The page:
When the team arrived at the target area around 1:15 a.m. on April 3, 1998, the two vehicles they used were parked along the corner of the street. P/Insp. Fajardo and the informant walked towards the apartment of alias Don and stood in front of the apartment gate. Around 1:45 a.m., alias Don came out of the apartment with a male companion. Alias Don demanded to see the money, but P/Insp. Fajardo told him that she wanted to see the drugs first. Alias Don gave her the big brown envelope he was carrying and she checked the contents thereof. Inside she found a plastic sachet, about 10×8 inches in size, which contained white crystalline substance. After checking the contents of the envelope, she assumed that the same was indeed shabu. She then gave the buy-bust money to alias Don and scratched her hair to signal the rest of the team to rush to the scene. P/Insp. Fajardo identified herself as a narcotics agent. The two suspects tried to flee but PO2 Trambulo was able to stop them from doing so. P/Insp. Fajardo took custody of the shabu. When she asked alias Don if the latter had authority to possess or sell shabu, he replied in the negative. P/Insp. Fajardo put her initials “JSF” on the genuine ₱500.00 bills below the name of Benigno Aquino. After the arrest of the two suspects, the buy-bust team brought them to the police station. The suspects’ rights were read to them and they were subsequently booked.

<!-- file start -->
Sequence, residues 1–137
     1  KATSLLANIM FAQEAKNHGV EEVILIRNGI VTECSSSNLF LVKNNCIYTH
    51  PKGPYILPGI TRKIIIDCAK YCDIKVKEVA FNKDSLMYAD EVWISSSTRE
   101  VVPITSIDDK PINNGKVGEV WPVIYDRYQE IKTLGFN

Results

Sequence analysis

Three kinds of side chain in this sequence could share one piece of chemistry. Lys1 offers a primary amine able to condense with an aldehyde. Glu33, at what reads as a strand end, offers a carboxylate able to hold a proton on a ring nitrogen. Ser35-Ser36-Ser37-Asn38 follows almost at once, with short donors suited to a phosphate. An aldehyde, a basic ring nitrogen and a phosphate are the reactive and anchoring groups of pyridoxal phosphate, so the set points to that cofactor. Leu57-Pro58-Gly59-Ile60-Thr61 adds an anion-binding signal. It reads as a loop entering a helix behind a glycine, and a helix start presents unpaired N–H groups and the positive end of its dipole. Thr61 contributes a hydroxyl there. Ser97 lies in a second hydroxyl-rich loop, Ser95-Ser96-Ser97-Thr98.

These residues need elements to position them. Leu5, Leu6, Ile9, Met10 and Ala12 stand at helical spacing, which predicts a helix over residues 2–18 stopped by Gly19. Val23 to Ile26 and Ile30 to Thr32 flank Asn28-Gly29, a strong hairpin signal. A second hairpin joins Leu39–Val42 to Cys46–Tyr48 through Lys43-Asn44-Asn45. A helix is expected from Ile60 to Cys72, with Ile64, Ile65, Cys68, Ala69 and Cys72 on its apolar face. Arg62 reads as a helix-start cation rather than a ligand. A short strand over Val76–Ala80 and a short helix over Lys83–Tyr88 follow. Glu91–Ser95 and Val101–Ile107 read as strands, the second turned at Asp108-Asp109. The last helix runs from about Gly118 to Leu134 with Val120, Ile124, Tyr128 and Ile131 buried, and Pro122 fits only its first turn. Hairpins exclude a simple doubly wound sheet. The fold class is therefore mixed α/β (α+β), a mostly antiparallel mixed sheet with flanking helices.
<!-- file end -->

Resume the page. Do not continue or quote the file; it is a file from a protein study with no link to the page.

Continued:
P/Insp. Fajardo said that she found out that alias Don was in fact the appellant Donald Vasquez. She learned of his name when he brought out his NBI ID while he was being booked. P/Insp. Fajardo also learned that the name of the appellant’s companion was Reynaldo Siscar, who was also arrested and brought to the police station. P/Insp. Fajardo explained that after she gave the buy-bust money to the appellant, the latter handed the same to Siscar who was present the entire time the sale was being consummated. Upon receiving the buy-bust money placed inside a green plastic bag, Siscar looked at the contents thereof and uttered “okey na to.” P/Insp. Fajardo marked the drug specimen and brought the same to the Crime Laboratory. She was accompanied there by PO2 Trambulo and PO1 Agravante. She handed over the drug specimen to PO1 Agravante who then turned it over to P/Insp. Taduran, the forensic chemist on duty. The police officers previously weighed the drug specimen. Thereafter, the personnel at the crime laboratory weighed the specimen again. P/Insp. Fajardo and her team waited for the results of the laboratory examination.